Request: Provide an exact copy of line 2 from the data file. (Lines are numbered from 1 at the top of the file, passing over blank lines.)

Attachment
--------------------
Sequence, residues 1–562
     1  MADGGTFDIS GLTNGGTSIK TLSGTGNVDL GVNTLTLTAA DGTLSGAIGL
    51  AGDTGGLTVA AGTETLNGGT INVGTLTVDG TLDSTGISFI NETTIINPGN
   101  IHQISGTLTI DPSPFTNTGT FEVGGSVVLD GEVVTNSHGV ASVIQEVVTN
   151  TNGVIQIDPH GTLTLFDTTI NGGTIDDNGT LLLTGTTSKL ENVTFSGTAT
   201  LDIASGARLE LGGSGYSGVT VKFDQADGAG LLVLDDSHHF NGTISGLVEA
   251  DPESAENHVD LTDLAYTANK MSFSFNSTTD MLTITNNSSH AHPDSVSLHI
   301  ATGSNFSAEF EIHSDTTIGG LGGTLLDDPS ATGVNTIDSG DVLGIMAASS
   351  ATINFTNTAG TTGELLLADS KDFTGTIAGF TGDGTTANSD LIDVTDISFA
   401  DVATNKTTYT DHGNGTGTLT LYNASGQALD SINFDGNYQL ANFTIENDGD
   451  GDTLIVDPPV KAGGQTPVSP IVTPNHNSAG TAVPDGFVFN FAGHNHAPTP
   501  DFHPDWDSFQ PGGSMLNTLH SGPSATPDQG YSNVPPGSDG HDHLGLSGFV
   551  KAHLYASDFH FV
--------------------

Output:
     1  MADGGTFDIS GLTNGGTSIK TLSGTGNVDL GVNTLTLTAA DGTLSGAIGL